Studies show that viewers like spending time within the D&G community. You might decide to purchase something from their online store. I think it’s more likely that you’ll visit the shop. Most clients want to know if the universe online is real. Looks can be deceiving. Everyone wants tactile verification. Even employees want to falling in love with the brand they represent.

If you doubt this principal, watch the Saturday morning cartoons with a group of young children. See their reactions. Better still, wait for the breakfast cereal adverts. Notice the free toys and prizes. The children will choose a cereal at the supermarket for the “reward”. However, as everyone has experienced, the “prize” rarely measures up to the image held in the mind.

This is what luxury firms must take care not to do. Do not create a desire for something you cannot deliver on. Expectations may change when we become adults, but our desires remain the same in their childlike anticipations of indulgence and love of magic. Everyone is waiting for that magnificent encounter. Deliver beyond expectations, and you will have created your own magic kingdom.

Article Title: BrandCom Goes Sprezzy
Photographs: (1)finest (2)what-do-i-wear

About The Author
Andrew Scharf is a regular contributor on style | design | culture | art | food |

Red Herring |
is the digital communications agency under the WCW Group brand. Our expertise lies in brand journalism, blogging with the purpose of content creation, sparking emotion. Inspire your audience, which generates action with meaningful results.

If you are looking for well-connected and passionate Community Managers to work your social accounts, RedHerring can evangelize your brand via social platforms. Our aim is to combine original high-quality content, with curation and community to gain distinction.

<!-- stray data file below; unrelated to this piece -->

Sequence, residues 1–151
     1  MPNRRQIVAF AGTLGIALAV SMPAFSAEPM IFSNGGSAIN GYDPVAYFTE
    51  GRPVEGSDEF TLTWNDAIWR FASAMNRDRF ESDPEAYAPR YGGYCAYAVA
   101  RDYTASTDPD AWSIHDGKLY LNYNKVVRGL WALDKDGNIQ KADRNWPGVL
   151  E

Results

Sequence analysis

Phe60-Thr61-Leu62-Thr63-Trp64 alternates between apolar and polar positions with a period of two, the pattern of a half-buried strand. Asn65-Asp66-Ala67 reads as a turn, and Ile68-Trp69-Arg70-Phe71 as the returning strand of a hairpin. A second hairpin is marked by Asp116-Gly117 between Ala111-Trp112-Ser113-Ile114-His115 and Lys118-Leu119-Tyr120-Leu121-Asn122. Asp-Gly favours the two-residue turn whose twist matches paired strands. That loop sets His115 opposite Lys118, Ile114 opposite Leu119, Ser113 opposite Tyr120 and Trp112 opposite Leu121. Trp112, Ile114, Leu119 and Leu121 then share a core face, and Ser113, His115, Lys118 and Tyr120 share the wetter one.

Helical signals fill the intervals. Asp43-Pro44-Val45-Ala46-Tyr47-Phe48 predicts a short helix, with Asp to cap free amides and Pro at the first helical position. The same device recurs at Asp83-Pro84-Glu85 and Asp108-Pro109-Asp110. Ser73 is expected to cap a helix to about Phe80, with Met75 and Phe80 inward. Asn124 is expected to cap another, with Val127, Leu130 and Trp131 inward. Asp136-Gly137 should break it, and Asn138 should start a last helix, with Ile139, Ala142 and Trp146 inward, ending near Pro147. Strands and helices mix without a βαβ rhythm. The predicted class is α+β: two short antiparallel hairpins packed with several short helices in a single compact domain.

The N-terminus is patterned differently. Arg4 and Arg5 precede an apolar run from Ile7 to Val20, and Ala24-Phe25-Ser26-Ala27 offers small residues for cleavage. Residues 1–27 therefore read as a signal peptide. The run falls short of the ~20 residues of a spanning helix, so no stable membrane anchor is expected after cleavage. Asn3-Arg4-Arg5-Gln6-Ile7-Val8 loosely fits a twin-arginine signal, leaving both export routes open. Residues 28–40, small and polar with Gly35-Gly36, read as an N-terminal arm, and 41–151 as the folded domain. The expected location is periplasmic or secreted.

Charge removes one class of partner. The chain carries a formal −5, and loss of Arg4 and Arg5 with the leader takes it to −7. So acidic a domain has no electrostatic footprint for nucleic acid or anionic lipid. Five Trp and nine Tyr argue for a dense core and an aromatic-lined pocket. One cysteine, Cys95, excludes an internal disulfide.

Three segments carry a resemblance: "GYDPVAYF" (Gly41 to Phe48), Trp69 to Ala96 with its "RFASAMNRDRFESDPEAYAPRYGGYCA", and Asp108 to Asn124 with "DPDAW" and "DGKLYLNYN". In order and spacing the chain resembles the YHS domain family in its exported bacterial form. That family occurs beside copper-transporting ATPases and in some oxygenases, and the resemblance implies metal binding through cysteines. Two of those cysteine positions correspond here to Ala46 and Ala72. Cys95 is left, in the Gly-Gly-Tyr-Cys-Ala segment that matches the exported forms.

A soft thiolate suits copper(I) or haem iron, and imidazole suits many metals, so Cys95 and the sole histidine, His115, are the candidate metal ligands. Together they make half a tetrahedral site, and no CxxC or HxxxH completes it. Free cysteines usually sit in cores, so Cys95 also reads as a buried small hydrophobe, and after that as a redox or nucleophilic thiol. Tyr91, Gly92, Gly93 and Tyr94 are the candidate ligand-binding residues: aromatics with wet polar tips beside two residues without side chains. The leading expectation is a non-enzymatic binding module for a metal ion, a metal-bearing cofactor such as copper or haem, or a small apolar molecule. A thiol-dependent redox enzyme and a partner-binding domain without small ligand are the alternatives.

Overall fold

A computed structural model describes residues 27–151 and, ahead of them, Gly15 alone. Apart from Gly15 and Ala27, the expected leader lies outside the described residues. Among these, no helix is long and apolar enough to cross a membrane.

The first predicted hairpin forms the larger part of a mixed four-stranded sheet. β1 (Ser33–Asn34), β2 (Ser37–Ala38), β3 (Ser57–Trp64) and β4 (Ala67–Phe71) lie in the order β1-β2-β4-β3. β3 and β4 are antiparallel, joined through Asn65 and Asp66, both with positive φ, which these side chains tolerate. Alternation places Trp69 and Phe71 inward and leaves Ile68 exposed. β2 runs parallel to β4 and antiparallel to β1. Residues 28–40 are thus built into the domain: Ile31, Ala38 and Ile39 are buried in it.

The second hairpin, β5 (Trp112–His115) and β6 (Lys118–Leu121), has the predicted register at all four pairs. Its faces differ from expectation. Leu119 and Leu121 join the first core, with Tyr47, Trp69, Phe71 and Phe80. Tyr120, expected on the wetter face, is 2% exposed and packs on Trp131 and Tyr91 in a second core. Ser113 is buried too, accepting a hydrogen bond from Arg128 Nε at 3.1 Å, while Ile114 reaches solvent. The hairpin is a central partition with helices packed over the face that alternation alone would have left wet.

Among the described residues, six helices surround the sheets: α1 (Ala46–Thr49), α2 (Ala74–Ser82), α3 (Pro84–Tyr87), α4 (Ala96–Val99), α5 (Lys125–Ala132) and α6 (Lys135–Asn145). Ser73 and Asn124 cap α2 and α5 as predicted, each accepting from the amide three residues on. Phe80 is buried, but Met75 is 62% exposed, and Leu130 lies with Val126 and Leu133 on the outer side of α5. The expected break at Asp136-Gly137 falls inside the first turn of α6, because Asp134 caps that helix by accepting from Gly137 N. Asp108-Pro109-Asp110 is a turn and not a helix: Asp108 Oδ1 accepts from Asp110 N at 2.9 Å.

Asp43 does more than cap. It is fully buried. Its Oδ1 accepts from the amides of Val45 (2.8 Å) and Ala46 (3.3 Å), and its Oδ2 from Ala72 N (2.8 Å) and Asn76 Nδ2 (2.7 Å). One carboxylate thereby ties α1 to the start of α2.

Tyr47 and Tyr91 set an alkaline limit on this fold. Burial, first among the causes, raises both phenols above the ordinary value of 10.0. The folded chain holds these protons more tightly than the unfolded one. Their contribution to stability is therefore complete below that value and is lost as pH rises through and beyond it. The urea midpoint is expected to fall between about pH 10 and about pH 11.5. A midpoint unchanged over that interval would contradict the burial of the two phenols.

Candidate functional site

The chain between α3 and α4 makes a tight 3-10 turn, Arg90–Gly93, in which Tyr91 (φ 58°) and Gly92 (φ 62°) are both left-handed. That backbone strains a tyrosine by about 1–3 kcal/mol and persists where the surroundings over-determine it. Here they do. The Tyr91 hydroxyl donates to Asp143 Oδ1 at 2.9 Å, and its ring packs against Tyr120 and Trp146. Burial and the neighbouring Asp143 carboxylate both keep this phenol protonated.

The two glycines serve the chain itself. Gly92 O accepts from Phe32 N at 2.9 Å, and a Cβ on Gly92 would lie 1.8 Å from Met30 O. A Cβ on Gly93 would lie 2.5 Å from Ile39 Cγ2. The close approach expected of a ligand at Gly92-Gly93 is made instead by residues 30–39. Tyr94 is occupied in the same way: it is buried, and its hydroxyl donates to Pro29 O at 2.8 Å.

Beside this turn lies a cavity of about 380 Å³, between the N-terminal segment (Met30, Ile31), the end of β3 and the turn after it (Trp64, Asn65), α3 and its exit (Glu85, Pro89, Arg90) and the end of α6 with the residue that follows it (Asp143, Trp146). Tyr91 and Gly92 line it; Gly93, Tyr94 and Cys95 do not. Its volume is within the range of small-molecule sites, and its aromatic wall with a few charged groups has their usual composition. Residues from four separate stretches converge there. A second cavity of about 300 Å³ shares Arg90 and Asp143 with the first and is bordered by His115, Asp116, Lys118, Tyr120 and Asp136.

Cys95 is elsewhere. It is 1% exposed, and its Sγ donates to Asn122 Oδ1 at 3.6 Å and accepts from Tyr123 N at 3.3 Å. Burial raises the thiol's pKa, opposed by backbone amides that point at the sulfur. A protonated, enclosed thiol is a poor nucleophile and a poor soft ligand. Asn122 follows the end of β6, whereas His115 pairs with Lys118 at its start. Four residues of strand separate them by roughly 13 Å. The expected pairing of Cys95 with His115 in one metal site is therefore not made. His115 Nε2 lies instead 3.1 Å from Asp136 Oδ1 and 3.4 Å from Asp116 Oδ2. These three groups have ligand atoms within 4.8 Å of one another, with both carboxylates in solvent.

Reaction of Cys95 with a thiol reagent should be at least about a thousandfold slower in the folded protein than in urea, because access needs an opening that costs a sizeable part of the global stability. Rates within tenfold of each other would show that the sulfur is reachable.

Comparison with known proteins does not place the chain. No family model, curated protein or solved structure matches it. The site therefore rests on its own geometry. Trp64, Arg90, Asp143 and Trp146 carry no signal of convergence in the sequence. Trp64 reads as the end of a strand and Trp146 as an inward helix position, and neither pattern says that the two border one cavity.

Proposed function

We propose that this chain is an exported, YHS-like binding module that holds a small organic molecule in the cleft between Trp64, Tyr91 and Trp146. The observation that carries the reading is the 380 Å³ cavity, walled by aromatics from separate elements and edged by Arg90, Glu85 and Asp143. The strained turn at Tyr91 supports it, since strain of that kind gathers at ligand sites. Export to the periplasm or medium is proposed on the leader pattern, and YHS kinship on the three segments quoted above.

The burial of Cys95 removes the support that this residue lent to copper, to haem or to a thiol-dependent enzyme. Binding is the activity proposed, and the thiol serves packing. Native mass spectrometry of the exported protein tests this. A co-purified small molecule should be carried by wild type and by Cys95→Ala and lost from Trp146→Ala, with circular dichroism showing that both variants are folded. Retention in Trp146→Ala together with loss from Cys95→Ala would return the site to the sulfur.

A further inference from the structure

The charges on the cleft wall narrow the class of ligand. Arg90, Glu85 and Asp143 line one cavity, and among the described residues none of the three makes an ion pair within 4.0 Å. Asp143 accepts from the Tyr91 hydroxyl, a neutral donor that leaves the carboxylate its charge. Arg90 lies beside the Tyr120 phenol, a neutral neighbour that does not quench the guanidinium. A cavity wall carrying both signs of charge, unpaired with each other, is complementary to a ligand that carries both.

For further inspiration
Visit RedHerring at


Ivy Style Aesthetics


“When your Ivy sensibilities are on parade…”

Nobody embodies the Ivy style better than the Kennedy’s did. Their public lives choreograph elegance and nonchalance in spades whether sailing, walking on the beach, playing touch football, or even dressed for more formal occasions demanded by the situation. Their look and feel are natural, unstudied, and clearly understated. Preppies don’t do bling-bling. They might fancy crazy colors such as kelly green and coral pink, but this is just to show off their inner party animal.

It’s not hard to understand why preppy aesthetics were glorified in the Fifties and Sixties. The style and clothes speak the vernacular of confidence. Cuts were simple. The lines clean and the color palate on target. In the USA, clothes have always been aspirational. Hollywood clearly delivered this message.


“Do you really think I should flaunt my pearls…”

What is also curious is that at a certain point, the Ivy style became cool thanks to Blues and Jazz musicians such as Miles Davis, Dexter Gordon, and the Chet Baker. The look is best relayed on those iconic album cover jackets issued by Blue Note. Everyone loved the stylistic voice married to the music. Aspiring individuals looked to these iconic individuals for their personal menswear cues. In cinema, Steve McQueen breathes this style down to his fingertips.


“There’s no need to escape; I already live in California…”

Today, in an age of uncertainty people are confused for a whole host of reasons. Perhaps, this partly explains a return to forever. We search for an anchor to give us meaning in a rapidly changing and challenging world. In the past, clothes had two principle categories: white collar and blue collar.